[...] "Time to start using a VPN at home," Vijaya Gadde‏, general counsel of Twitter Inc, said in a tweet on Tuesday that was retweeted by Twitter Chief Executive Jack Dorsey. Gadde was not immediately available for comment. Twitter said she was commenting in her personal capacity and not on behalf of the company.

[...] Some smaller broadband providers are now seizing on privacy as a competitive advantage. Sonic, a California-based broadband provider, offers a free VPN service to its customers so they can connect to its network when they are not home. That ensures that when Sonic users log on to wi-fi at a coffee shop or hotel, for example, their data is not collected by that establishment's broadband provider. "We see VPN as being important for our customers when they're not on our network. They can take it with them on the road," CEO Dane Jasper said.

[...] Private Internet Access, a VPN provider, took a visible stand against the repeal measure when it bought a full-page ad in the New York Times on Sunday. But the company, which boasts about a million subscribers, potentially stands to benefit from the legislation, acknowledged marketing director Caleb Chen.

VPNs have drawbacks. They funnel all user traffic through one point, so they are an attractive target for hackers and spies. The biggest obstacle to their routine use as a privacy safeguard is that they can be too much of a hassle to set up for many customers. They also cost money.


Original Submission

posted by charon on Thursday March 30, @01:57AM   Printer-friendly
from the she's-keeping-an-eye-on-him dept.

Monday was Juno's first flyby since a plan to tighten orbits from 53.5 days to two weeks had to be scrapped.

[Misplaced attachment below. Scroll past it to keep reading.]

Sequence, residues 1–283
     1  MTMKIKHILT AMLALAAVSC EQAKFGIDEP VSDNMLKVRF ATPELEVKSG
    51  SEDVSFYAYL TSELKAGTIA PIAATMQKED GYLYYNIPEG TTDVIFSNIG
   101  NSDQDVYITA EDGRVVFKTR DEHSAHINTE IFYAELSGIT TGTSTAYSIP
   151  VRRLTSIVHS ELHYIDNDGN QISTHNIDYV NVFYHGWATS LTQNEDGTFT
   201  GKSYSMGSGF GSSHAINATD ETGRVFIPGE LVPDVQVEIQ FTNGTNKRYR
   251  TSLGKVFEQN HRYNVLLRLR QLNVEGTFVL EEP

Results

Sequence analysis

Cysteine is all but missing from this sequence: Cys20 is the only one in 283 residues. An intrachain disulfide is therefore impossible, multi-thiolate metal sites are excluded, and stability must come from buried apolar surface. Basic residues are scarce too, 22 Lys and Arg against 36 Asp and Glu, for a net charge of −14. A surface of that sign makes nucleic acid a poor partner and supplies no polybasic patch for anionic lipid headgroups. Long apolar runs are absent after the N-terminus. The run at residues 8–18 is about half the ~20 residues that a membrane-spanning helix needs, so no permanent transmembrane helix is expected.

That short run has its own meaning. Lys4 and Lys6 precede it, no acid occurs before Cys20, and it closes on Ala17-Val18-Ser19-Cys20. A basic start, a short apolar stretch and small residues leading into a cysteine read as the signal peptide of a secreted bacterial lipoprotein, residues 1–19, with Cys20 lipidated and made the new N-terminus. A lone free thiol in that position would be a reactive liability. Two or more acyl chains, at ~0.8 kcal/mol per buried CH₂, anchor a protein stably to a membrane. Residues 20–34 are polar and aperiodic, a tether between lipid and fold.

NASA's Juno spacecraft sailed over Jupiter's cloud tops early Monday, the fourth time the solar-powered probe has approached the giant planet and collected science data since its arrival last July 4.

[...] On its current trajectory, Juno arcs out to a distance several million miles from Jupiter and returns for a high-speed encounter once every 53-and-a-half days.

[...] "Every time we get near Jupiter's cloud tops, we learn new insights that help us understand this amazing giant planet," said Scott Bolton, principal investigator of Juno from the Southwest Research Institute in San Antonio.


Original Submission

posted by martyb on Thursday March 30, @12:17AM   Printer-friendly
from the how-do-you-rate? dept.

For those Soylentils who are contemplating a job change or who are applying for work in IT (Information Technology), this Computerworld salary survey might help when it comes to negotiating compensation.

Remember, let the employer name a figure first, then haggle up from there. There are links at the end of the article providing report as well as to a page where you can compare your pay scale against different job titles, experience level, and geographic area.


Original Submission

posted by martyb on Wednesday March 29, @10:44PM   Printer-friendly
from the we'll-get-around-to-it-someday dept.

When it comes to airport infrastructure, the design of terminals may have changed over the years, but the long, straight runway has stayed remarkably consistent. Dutch researcher Henk Hesselink thinks it's time for a change. His radical ideas about runway design would transform the modern airport's operations, layout, and efficiency—and even its architecture.

Since 2012, Hesselink and his team at the National Aerospace Laboratory (NLR) in the Netherlands have been working on a runway design that's circular instead of straight. Their so-called Endless Runway Project—funded by the European Commission's Seventh Framework Program, which supported research in breakthrough technology from 2007 through 2013, and in partnership with several other European scientific agencies—proposes a circular design that would enable planes to take off in the direction most advantageous for them. Namely, the direction without any crosswinds.

https://www.fastcodesign.com/90107235/why-airport-runways-should-actually-be-circular

[Related]: giant circles from the air

Do you think such a design would work in practice?


Original Submission